Keeping children safe

Safeguarding Children is more important than ever during the Covid-19 lockdown. In normal times there’s oversight of children who are at risk of neglect or abuse, in our schools, nurseries, after school and sports clubs as well as through wider family and friendship circles. In these lockdown times children are far less visible and for some families, there are greater pressures within our homes.

Risk factors to consider for children & safeguarding during Covid-19

  • Poverty – Where families are unable to meet the basic needs of children, this can, in some cases, lead to an increased likelihood of abuse, neglect and harm During the Covid-19 outbreak, where paid work is threatened or lost or where families are forced to isolate, this risk of poverty increases and challenges the ability of families to be able to follow Government health advice.

 

  • Support networks – Support networks provide help in being able to manage and overcome difficulties and challenges. Due to current social distancing measures, the ability of children and families to access traditional, face-to-face, social networks will be hampered and new means may need to be explored to retain contact as an important protective factor.

 

  • Accommodation – During the Covid-19 outbreak, the exposure of children and families to unsuitable accommodation will increase as adults may work from home and members of the household are unable to be outside

 

  • Abuse and harm – Different types of abuse and harm are likely to be more prominent during Covid-19. This does not mean that risk will definitely increase when working with pre-existing concerns. However, practitioners should show curiosity to explore how the risk may become exacerbated.

 

  • Domestic abuse – Emerging evidence from statutory and voluntary agencies across the UK has emphasised the increased risks of domestic abuse, with Refuge reporting a 25 per cent increase in calls and online requests since the lockdown began in March 2020. The importance of safeguarding children who are experiencing domestic abuse has not diminished during the Covid-19 crisis.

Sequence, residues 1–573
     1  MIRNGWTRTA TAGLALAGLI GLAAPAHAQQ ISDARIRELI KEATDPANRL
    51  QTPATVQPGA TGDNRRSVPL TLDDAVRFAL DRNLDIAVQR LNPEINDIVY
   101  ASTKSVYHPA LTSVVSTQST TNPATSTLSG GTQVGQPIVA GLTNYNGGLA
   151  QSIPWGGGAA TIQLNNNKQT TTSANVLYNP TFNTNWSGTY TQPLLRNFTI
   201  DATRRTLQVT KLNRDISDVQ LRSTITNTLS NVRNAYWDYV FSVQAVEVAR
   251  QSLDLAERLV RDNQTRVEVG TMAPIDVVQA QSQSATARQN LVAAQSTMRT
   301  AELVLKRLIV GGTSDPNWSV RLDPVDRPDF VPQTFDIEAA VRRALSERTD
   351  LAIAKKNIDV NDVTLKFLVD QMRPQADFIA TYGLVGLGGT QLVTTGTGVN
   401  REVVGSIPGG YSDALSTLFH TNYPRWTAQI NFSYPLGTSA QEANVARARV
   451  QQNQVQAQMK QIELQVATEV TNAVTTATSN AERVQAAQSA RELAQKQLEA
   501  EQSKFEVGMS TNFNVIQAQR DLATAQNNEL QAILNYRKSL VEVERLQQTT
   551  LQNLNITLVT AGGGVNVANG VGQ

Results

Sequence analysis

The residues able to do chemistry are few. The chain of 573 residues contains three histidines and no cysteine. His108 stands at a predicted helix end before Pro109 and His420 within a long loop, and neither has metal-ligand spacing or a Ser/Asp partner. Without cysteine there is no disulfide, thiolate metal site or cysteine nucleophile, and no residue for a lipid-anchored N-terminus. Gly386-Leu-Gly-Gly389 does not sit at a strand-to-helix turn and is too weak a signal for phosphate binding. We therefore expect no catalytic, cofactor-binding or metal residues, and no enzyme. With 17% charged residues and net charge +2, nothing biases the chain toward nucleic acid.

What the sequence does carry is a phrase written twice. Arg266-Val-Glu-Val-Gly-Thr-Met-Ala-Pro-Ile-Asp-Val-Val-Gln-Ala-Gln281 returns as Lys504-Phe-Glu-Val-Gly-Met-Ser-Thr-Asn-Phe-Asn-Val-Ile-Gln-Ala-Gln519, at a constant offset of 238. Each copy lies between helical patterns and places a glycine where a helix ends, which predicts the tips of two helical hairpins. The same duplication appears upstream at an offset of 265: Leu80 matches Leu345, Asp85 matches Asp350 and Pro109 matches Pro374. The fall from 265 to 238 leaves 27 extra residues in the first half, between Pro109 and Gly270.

• Substance abuse – Unhealthy coping mechanisms can involve a reliance on substances that provide relief and escapism by adults and children alike. Substances alter the behaviour of parents and create a lack of safety for children and young people. It is important to understand how families are managing the stresses that they face, which are likely to be exacerbated under the current pressures – with associated worries around employment, finances and health.

 

  • Neglect – Isolation can place children at a greater risk of neglect. This is compounded by the increased economic challenges and poverty that families may be facing, and by the increased exposure of children to neglectful environments as they spend more time in the home. The closure of schools may further limit the contact that children have with professionals who can identify the signs of neglect and take steps to intervene and report concerns.

 

  • Children with additional needs – Children and young people with additional needs and disabilities are up to three times more likely to be abused or neglected than non-disabled children, and less likely to disclose harm due to communication and other difficulties. These children may still be able to access school during the Covid-19 response and this is an important safeguard for them. Families may find increased time at home and additional caring responsibilities, where external support opportunities may be limited, a strain.